Reuters writer David Lawder reported yesterday that, “U.S. House Democratic leader Nancy Pelosi said on Wednesday she would like to find a way to grant the Obama administration ‘fast-track’ trade negotiating authority while meeting the concerns of many Democrats about major new free-trade deals.
“Speaking to reporters at a retreat for House Democrats in Philadelphia, Pelosi said her standard for evaluating such authority would be the effect that trade deals would have on the paychecks of American workers.
“‘We’d like to see a path to yes,’ Pelosi said of fast-track trade authority.”
Vicki Needham reported yesterday at The Hill Online that, “A group of House Democrats who stand ready to support President Obama’s trade agenda are asking Senate Democrats and the White House to take the lead on a historically difficult issue for their party.
“The 46-member New Democrat Coalition is likely key to the Obama administration’s efforts to round up enough votes so Congress can pass a trade promotion authority bill.”
The Hill article noted that, “To that end, New Democrats want the Senate to be the first to consider a trade promotion authority bill, also known as fast-track, which would give Congress up-or-down votes on any trade agreements, such as the Trans-Pacific Partnership (TPP), that reach Capitol Hill.
“A vote in support is much easier when their senators also are backing trade, the aide said.”
An update yesterday from the National Pork Producers Council (NPPC) stated in part that, “The [NPPC] and 92 other food, agricultural and allied industry groups today urged the parties involved in a labor dispute that’s affecting food exports that ship out of West Coast ports to resolve their differences as soon as possible. The organizations also called on the federal government to consider all remedies to bring the dispute to a swift end.”
The American Soybean Association (ASA) noted yesterday that, “In an open letter, ASA and its fellow organizations urged both the International Longshore and Warehouse Union (ILWU) and the Pacific Maritime Association (PMA) to take into account the impact the dispute is having on consumers and to resolve their differences as quickly as possible. The groups also urged the federal government to consider all available remedies to bring the dispute to a rapid end, noting the potentially dire consequences of not reaching an agreement that gets each port back up and running quickly.”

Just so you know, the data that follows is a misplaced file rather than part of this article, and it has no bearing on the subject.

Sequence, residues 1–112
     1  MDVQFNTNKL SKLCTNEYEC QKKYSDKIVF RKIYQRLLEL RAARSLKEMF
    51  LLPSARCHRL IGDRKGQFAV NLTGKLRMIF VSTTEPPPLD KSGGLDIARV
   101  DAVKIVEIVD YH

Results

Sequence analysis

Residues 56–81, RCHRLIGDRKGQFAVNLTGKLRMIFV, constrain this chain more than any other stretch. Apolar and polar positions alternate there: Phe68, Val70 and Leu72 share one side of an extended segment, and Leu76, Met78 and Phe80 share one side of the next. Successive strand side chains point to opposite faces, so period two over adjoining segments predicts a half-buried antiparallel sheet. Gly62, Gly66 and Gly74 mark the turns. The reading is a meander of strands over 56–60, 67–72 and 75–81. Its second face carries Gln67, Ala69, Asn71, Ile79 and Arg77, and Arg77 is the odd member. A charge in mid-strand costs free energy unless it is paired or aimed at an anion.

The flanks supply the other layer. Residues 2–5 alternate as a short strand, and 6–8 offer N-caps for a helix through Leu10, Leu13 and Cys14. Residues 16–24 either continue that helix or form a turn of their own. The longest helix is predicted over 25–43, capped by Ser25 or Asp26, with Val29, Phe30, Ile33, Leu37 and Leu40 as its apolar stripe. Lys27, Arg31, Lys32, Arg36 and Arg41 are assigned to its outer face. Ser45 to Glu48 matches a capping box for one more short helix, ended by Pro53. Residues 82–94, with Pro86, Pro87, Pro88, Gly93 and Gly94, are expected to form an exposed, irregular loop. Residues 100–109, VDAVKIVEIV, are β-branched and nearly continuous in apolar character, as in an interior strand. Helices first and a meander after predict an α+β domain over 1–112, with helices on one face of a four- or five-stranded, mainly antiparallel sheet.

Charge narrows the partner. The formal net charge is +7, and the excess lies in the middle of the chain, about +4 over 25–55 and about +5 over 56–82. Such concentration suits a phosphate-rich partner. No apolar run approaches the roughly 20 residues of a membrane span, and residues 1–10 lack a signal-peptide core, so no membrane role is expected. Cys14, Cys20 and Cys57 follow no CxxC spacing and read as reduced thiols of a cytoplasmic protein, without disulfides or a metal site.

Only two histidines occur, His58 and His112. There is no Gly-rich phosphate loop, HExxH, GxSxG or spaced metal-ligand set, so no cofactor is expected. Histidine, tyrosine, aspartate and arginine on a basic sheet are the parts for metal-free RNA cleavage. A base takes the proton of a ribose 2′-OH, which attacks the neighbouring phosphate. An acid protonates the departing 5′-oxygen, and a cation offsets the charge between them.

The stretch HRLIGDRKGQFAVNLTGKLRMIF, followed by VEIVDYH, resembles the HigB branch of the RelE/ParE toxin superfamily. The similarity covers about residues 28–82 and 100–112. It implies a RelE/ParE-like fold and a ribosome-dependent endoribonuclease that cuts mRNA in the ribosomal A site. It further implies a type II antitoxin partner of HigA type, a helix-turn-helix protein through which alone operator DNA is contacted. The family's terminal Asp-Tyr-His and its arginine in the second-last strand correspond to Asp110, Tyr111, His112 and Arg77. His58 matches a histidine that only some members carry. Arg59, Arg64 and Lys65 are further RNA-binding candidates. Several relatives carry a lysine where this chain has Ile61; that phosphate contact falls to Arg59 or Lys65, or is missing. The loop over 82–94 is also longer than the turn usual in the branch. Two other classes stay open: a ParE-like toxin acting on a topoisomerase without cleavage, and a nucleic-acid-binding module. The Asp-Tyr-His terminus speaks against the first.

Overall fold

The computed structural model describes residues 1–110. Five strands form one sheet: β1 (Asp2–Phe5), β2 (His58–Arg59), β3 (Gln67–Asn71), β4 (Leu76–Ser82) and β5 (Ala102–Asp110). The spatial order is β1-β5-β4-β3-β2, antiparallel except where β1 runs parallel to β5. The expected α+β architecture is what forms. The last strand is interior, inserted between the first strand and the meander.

And Vicki Needham reported yesterday at The Hill Online that, “Two senators said Wednesday that duties imposed by South Africa on chicken exports could jeopardize that nation’s place in a trade deal with the continent.
“Sens. Johnny Isakson (R-Ga.) and Chris Coons (D-Del.) wrote to U.S. Trade Representative Michael Froman on Tuesday night and urged him to press South Africa to drop anti-dumping duties on U.S. chicken imports or risk their loss of tariff benefits in the reauthorization of the African Growth and Opportunity Act (AGOA).”
AP writer Mary Clare Jalonick reported yesterday that, “Sixteen million children were on food stamps as of last year, the highest number since the nation’s economy tumbled in 2008.
“Numbers released by the Census Bureau Wednesday as part of its annual look at children and families show that one in five children were on food stamp assistance in 2014. The survey was taken last spring.”
The AP article noted that, “The SNAP program will still be under scrutiny in the new Republican Congress. The new chairman of the House Agriculture Committee, Texas Rep. Mike Conaway, and the new chairman of the Senate Agriculture Committee, Kansas Sen. Pat Roberts, are both expected to take a look at food stamp spending in the coming year.”
The USDA’s Economic Research Service indicated yesterday at its Charts of Note webpage (“New cage size regulations contribute to widening egg price gap“) that, “Over the last 2 months of 2014, egg prices in most markets experienced a brief and very sharp price spike. Egg prices traditionally are strong in the fourth quarter, but the spike in 2014 was larger than usual, considering that table egg production increased in November 2014. The high prices nationwide in the fourth quarter of 2014 are likely the result of both strong exports of table eggs to Mexico in November and uncertainties about the future of the table egg market in California due to new cage size regulations that went into effect on January 1, 2015. In the short term, the new regulations have widened the price difference between the California market and other parts of the United States. At the end of October 2014, the difference between the wholesale prices of Grade A large eggs in the Southern California market and the New York City market was around 12 cents per dozen. Prices in Southern California rose to average $2.68 per dozen by the middle of December [related graph].”